2013 marks the 88th year that this great country has annually acknowledged in the month of February the achievements of its African American population. Blacks and Black History Month have come along way in that short span of time. What started out as “Negro History Week” back in 1926, fifty years later became what we now know as “Black History Month”. In my research I was unable to uncover the reason for the extension but one can only speculate that it became obvious that our multitudinous contributions could not be covered in just one week.  And, now we are able to add to that long list of inventions, records broken, etcetera; the boastful fact of an African-American President of these United States.

 

Negro History Week was the second week of February between the Birthdays of Frederick Douglass and Abraham Lincoln.  The week long celebration was started by Dr. Carter G Woodson who was the son of former slaves. But, even with his humble beginnings Woodson went on to earn a PhD from Harvard University. (The first African-American to earn a PhD from Harvard University was Dr. William Edward Burghardt Du Bois, who founded the NAACP on the 12th of this month 1909, and whose birthday is on the 23rd). Dr.Woodson began the Negro History Week after becoming dissatisfied with the lack of presence that African-Americans had in the history books. The week was designed to bring to the attention and magnify the accomplishments of African-Americans. It has achieved that and more especially after evolving into a month long celebration.

 

Thankfully we now know what may have otherwise been hidden or merely passed down like a bad game of telephone with inaccurate information. Now young African Americans can review the accomplishments of other individuals that had the same “limitations” in terms of skin color, and yet still made significant contributions. With this insight we should be empowered realizing that the real limitations are now limited to each individual and we have more access and opportunities than ever before even to the doors of the White House. We should never play the race card considering this rich history of ours even if it is abundantly clear that a situation is racially motivated. I am sure that if President Obama had lost the election we would have said that it was because he was Black. But he didn’t lose and that takes the excuse out of our mouths. We can tell our children that they can be anything they want to be if they set their mind to it and this includes areas we have not yet touched. We can be the first in many more areas as we have been the first in so many already.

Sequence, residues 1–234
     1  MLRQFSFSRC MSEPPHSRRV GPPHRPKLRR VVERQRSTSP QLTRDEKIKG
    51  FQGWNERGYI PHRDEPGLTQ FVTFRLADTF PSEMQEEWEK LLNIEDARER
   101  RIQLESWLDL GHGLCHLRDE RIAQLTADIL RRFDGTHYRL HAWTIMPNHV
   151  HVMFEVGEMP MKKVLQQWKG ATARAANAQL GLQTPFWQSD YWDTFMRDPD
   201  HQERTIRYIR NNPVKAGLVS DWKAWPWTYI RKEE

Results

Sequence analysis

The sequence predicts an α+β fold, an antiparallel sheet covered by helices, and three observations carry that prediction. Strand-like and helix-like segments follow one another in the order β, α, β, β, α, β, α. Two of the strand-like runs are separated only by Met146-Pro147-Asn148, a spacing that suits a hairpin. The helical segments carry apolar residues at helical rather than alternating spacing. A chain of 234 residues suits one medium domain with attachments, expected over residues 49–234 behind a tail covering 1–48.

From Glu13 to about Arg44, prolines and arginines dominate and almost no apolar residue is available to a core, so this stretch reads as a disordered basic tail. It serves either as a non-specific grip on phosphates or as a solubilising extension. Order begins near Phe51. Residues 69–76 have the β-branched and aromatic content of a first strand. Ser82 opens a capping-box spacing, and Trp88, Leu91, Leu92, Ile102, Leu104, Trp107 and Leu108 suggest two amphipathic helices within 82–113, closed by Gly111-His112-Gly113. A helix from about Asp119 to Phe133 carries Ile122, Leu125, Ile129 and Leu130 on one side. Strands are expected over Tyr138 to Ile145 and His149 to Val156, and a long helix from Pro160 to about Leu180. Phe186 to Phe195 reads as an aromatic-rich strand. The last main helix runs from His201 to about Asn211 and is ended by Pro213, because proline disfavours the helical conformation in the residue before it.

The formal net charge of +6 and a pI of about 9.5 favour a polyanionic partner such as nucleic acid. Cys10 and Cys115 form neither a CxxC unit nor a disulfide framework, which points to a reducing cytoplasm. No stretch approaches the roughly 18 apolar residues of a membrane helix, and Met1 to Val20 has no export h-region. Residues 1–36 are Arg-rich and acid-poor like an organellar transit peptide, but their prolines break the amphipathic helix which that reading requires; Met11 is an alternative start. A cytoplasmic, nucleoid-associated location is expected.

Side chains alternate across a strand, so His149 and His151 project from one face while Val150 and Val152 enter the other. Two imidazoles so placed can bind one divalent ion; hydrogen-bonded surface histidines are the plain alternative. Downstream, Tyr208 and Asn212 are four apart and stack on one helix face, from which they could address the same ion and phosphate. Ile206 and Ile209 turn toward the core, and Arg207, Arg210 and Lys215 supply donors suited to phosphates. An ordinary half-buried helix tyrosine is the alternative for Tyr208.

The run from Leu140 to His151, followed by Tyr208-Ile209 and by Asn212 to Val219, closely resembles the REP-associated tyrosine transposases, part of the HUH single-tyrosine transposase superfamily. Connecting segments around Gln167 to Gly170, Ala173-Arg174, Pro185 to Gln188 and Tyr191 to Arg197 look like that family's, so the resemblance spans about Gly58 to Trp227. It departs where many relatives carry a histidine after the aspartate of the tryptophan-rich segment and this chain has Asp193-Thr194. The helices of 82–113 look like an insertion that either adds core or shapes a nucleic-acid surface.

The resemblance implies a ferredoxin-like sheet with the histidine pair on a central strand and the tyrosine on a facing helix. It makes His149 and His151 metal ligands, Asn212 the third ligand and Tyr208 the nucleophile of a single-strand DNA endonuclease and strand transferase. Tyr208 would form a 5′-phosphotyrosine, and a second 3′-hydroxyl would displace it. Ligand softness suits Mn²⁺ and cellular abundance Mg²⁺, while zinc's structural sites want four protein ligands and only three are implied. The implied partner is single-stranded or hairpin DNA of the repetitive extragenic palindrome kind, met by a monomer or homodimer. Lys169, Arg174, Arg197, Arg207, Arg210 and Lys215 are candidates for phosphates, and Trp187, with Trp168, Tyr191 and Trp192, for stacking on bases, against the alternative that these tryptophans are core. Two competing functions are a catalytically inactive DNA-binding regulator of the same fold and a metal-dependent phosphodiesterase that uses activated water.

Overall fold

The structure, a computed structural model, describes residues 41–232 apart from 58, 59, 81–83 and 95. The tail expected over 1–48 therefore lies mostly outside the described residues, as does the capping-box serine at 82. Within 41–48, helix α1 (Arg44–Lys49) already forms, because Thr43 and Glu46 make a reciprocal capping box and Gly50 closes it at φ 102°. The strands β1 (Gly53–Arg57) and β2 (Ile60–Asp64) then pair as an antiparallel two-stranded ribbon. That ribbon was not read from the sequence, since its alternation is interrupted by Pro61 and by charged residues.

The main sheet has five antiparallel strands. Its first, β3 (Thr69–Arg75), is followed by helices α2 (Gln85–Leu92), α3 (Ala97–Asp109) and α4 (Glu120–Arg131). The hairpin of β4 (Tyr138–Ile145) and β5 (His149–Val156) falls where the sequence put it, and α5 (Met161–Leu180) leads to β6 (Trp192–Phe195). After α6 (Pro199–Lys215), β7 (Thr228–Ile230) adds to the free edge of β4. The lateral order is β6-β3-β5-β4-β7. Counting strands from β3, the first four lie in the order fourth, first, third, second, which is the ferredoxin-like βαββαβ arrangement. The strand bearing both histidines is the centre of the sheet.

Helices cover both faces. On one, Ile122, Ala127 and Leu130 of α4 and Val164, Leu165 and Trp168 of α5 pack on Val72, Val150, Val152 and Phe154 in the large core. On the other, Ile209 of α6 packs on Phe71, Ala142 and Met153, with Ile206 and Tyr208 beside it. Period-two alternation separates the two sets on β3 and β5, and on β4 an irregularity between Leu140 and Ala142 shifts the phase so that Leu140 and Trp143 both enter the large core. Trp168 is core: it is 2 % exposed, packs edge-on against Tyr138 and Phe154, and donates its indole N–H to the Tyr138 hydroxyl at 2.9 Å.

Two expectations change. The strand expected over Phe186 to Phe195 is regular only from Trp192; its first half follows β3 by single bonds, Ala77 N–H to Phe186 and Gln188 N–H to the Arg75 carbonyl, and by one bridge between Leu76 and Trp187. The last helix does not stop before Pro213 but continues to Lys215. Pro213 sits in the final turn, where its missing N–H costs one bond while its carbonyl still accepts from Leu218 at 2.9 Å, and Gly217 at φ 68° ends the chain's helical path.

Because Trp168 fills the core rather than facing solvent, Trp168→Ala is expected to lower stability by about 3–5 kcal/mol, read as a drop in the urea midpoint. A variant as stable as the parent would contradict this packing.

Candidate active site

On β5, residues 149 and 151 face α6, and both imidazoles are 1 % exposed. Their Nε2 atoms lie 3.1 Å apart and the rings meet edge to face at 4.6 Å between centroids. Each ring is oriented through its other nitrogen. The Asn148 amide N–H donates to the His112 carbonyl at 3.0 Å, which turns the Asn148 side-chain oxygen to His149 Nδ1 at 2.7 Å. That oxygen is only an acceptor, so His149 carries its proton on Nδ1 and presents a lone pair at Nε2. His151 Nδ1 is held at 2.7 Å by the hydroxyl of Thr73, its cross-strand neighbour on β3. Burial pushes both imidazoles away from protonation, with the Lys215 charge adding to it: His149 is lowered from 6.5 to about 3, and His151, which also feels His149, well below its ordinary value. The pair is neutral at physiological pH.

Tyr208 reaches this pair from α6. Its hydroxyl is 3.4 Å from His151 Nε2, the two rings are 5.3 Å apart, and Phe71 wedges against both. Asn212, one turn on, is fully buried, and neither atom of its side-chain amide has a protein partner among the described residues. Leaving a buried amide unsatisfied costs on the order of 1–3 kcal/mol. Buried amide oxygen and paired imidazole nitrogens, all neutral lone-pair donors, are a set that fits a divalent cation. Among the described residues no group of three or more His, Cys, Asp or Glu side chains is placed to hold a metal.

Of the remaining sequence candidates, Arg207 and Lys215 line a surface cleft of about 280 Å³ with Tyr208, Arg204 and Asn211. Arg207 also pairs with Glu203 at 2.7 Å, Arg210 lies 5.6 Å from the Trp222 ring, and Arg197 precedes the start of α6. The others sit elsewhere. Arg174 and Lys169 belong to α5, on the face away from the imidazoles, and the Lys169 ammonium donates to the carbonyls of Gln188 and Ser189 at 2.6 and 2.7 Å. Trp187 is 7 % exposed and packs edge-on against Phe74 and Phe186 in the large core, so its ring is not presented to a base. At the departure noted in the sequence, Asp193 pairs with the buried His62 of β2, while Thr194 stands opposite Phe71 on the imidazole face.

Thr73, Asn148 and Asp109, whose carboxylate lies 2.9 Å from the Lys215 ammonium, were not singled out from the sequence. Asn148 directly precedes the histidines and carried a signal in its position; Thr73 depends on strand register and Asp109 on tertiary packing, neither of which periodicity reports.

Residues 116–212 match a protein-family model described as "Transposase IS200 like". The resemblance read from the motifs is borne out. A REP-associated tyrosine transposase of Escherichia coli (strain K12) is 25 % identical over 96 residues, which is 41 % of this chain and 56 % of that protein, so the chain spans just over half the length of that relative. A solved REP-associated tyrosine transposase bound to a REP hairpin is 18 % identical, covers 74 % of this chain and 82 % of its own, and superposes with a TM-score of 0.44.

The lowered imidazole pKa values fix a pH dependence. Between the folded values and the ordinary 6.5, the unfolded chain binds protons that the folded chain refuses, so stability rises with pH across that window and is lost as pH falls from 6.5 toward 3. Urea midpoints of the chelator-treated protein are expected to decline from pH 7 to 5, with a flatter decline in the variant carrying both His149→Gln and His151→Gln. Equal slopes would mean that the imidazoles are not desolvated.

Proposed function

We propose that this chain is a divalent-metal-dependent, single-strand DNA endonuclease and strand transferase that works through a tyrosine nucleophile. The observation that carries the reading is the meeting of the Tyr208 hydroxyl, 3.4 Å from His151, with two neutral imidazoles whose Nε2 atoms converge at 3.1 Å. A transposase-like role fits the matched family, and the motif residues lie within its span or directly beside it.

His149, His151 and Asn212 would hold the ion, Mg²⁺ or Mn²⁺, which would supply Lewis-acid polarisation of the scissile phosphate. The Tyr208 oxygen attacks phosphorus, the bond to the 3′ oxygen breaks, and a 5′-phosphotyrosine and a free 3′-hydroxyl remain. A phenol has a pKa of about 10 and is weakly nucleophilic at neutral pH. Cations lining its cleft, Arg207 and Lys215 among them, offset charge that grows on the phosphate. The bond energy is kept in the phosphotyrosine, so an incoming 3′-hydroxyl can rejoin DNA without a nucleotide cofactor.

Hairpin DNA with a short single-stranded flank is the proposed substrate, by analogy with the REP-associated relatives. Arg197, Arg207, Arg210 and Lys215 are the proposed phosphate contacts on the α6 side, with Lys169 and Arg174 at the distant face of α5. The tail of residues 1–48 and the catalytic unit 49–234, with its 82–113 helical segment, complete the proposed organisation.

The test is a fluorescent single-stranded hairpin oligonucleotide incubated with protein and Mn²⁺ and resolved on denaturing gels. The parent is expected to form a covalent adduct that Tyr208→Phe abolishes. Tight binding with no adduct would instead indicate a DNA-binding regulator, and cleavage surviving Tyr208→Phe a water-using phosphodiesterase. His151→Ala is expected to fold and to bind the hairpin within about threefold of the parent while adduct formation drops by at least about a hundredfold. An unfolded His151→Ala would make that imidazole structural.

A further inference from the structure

As we celebrate our history of accomplishments throughout the balance of this month let us teach our children and each other. Let us review the impact African-Americans have made to daily life. When you comb your hair, tie your shoes, pass through a stop light or even use a remote remember and appreciate those who made it possible.

 

 

Also Check Out:
The First African-American Intellectual - Benjamin Banneker
Phillis Wheatley - First Published African-American
Before There Were Pilots in Tuskegee, the 92nd fought in France
Henrietta Lacks - Giving Life Through HeLa Cells
Introducing The NAACP 

 

About The Author
Author: Duan Sanderson

Our Supporters:

 

twitter
facebook
contact-us